We applaud those small groups of teachers who meet and undertake instructional projects to improve their lessons for students. We give kudos to the elementary school grade-level team or the secondary school department team that identifies areas for their own increased learning, and creates the means by which to do the learning. Students, as we all know, benefit from these particular teachers’ actions.
But what of the remainder of students? Should not all students experience great teaching? While a few teachers can rather easily gather together for improvement activities, we champion the whole school faculty connecting to learn in order to improve their work -- teaching -- so that all students learn at high levels.
For this outcome, the principal prepares in advance by identifying time for the whole faculty to come together as a group. Finding time is not always easy, and it is the most frequently noted barrier to meeting for adult learning. The principal must also secure a location and an inventory of materials -- educational journals, newsletters, computer access to online resources, as well as potentially useful CDs, videos, etc. These schedule and structural support items are just the beginning. As any form of professional learning is initiated, two roles of the principal are imperative.
First, when a school-wide community of professional learners is the goal, the principal adopts the “sage on stage” role, initiating actions that galvanize the teaching staff to:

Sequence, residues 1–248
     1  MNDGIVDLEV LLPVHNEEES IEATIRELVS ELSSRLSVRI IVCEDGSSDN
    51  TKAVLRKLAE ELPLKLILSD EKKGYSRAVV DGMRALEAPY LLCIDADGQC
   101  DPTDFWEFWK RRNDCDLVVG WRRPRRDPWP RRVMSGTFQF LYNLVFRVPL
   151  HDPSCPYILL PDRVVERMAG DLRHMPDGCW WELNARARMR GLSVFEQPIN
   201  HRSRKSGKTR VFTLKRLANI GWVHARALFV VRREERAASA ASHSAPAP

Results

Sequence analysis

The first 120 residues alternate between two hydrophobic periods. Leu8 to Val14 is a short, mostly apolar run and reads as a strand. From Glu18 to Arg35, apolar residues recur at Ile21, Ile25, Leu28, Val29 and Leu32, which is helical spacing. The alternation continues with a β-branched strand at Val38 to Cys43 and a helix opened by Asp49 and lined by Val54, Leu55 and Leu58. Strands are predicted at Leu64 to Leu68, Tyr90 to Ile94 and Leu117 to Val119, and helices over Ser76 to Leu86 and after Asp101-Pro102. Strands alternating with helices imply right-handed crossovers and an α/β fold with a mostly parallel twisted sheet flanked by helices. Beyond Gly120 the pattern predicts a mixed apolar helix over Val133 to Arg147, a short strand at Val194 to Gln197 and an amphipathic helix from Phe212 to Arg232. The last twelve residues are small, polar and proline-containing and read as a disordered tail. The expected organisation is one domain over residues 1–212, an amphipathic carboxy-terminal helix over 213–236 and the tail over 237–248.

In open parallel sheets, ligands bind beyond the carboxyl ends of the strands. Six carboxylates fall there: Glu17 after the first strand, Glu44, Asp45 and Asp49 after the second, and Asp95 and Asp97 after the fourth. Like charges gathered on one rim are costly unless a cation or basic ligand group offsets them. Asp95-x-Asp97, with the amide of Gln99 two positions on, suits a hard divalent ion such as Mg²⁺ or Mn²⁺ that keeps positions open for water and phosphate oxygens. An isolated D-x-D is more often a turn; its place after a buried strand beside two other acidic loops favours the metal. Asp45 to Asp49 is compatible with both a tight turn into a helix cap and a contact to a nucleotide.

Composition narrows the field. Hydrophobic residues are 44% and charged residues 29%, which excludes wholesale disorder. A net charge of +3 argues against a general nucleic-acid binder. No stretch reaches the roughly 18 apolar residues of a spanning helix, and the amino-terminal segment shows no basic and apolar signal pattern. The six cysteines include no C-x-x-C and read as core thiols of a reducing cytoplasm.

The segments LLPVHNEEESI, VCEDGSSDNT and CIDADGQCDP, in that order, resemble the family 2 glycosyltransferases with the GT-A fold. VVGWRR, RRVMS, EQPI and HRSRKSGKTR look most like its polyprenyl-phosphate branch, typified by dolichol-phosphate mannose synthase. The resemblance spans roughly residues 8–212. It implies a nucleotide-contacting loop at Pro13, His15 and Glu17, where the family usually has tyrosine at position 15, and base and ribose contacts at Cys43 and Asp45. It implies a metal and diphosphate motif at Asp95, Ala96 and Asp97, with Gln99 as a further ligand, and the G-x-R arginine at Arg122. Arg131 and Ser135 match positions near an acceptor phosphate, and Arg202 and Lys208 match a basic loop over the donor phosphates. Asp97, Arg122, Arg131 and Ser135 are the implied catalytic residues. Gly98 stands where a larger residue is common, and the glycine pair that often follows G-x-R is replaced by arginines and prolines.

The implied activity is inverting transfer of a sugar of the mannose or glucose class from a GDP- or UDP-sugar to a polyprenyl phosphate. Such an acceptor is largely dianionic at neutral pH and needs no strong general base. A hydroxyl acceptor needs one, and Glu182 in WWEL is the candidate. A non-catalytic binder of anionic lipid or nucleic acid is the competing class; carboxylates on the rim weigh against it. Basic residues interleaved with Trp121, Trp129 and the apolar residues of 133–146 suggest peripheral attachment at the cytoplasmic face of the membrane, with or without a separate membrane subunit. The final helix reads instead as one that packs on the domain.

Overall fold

• examine the results that they are producing with students;
• identify any areas where students are not performing well;
• determine changes to teaching practices that target the poor student performance;
• specify what they will need to learn, to use the “new way;"
• invest their time and energy in learning the what and how, thus, changing their practice;
• transferring the new practice(s) to the classroom.
During this first cycle, the principal is encouraging, assisting, supporting, and monitoring so as to know where and how to provide support. Simultaneously, the principal is beginning to provide opportunities for teachers to gain the skills to direct and manage their communities, developing their leadership capacity so that the community becomes a democratic, self-organizing entity with shared leadership. For sure, this is a very brief definition of the principal as she or he directs the staff in their new methods of working collaboratively, to learn new content and skills so that their effectiveness increases, and all students gain.
Scholar Laureate, Learning Forward
(Next up: how the principal’s role changes as learning community members develop leadership skills.)
The opinions expressed in Learning Forward’s PD Watch are strictly those of the author(s) and do not reflect the opinions or endorsement of Editorial Projects in Education, or any of its publications.